The National Conference of Bar Examiners (NCBE) recently made a surprising announcement about the bar exam: The July 2027 bar exam will be the last to administer the current NCBE-developed bar exam components, namely the Multistate Bar Examination, Multistate Essay Examination, and Multistate Performance Test. In other words, states will not be able to implement the Uniform Bar Exam (UBE) beyond July 2027. They will be forced to adopt the NextGen Bar Exam or come up with an alternative path to licensure.
The NextGen Bar Exam is set to be administered for the first time in July of 2026, though at the time of this writing, no state has adopted it.
While change is often for the better, the way in which this has been presented leaves room for scrutiny, caution, and potential dissent from states.
A Timeline Crunch That Puts Jurisdictions Under Pressure
One of the most striking issues here is the timeline. Students entering law schools in the fall of 2025 would be slated to sit for the July 2028 bar exam. This gives states about two years to make the decision to adopt the NextGen Bar Exam if they wish to give law schools enough time to adequately prepare students for this new exam. And, part-time students entering either now or in the fall of 2024 may be subject to this new bar exam if they plan to take the bar exam in 2028.
Of course, states could announce that they are adopting the NextGen bar exam any time before 2028, but the longer they wait to do so, the more their incoming students will be prejudiced. This is especially true for law schools that have a heavy focus on bar exam classes and bar exam strategy. For example, if a state announces in 2026 that it will administer the NextGen bar exam in 2028, law schools will have limited time to prepare their soon-to-be graduating students. Thus, states should be inclined to announce they are adopting this bar exam by 2025 if they want to prepare their 2028 graduates for it.
Further, there is still not enough information for law schools to adequately prepare students for the NextGen Bar Exam—even if it was adopted immediately. Sample practice questions for only some portions of the test were just recently released.
Also, the general format, including the length of the test, was not known until this August 28, 2023 announcement when the NCBE did finally shed some light on the test’s format: “The NextGen bar exam will be divided into three sessions of three hours each, with each session containing two integrated question sets, one performance task, and approximately 40 multiple-choice questions. These three-hour sessions will be administered over one and a half days, with six hours of testing time on day one and three hours on day two” Yet, despite this update, a full practice test remains conspicuously absent.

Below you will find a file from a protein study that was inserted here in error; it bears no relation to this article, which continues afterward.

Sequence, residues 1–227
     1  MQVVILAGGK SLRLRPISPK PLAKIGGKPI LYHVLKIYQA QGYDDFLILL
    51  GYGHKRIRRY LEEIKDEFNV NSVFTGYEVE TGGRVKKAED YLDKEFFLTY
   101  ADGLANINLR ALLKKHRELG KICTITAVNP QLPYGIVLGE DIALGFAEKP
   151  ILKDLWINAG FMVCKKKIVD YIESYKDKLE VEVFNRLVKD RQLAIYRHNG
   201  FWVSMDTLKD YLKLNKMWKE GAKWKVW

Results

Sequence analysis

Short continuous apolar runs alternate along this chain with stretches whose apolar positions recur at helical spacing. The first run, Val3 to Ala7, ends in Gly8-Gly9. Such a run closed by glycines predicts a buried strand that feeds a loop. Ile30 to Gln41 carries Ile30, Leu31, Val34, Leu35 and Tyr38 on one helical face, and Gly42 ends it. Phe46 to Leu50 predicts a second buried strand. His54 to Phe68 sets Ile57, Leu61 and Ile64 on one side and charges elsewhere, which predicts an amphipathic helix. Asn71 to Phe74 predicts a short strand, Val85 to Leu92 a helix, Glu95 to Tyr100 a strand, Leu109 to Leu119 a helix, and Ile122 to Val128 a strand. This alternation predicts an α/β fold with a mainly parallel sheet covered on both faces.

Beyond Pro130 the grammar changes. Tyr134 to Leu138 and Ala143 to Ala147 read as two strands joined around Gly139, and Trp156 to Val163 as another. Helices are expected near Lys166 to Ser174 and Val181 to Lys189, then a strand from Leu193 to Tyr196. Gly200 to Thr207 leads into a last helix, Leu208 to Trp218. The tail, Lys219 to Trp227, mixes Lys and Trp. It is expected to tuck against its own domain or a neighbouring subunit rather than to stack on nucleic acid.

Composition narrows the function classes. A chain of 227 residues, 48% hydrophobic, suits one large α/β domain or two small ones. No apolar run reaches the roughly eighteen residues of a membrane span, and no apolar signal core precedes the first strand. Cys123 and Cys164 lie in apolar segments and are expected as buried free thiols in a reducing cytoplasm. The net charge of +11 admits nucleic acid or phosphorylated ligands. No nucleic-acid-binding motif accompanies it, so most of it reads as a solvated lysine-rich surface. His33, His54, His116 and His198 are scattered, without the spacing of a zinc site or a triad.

The pressure to make such an impactful decision on incomplete information is not only risky but also borders on the imprudent.
Criticisms of the NextGen Bar Exam
Further, the NextGen Bar Exam has not been universally lauded; in fact, Reuters recently noted it received a “lukewarm reception”. Critics have called the exam “too easy” and have questioned its multiple-choice component as being too dominant and, at points, even too easy. (See our take on it in this article.) Given these preliminary responses and the lack of a full practice test, it’s no wonder that no jurisdiction has yet chosen to adopt this new bar exam.
States and Their Historic Resistance to Change
Moreover, let’s not forget that the legal profession is notoriously slow to change. The Uniform Bar Exam (UBE) was released in 2011 and slowly over the past twelve years, 41 states along with four other jurisdictions have adopted it. Given this snail-paced rate of change, expecting states to make a relatively quick decision about a bar exam that has yet to prove itself seems rather quixotic.
The NextGen Bar Exam—A Rush to Judgment?
The NCBE’s move to sunset the current bar exam components in July 2027 appears to force the hand of jurisdictions into making a rapid and, arguably, poorly informed decision. The imposed timeline seems to underestimate the legal profession’s traditional aversion to rapid change and underplays the actual concerns that educators, law students, and practitioners have raised.
While innovation in bar testing is a commendable pursuit, the stakes here are too high for haste. Given the stakes, it would not be surprising to see states consider other directions for bar examination in the wake of this announcement.
As it stands, the NCBE’s ambitious timeline seems more likely to produce skepticism than consensus, and rightly so. Given the scale of the transition and the mixed early reviews, prudence, not haste, should be the order of the day.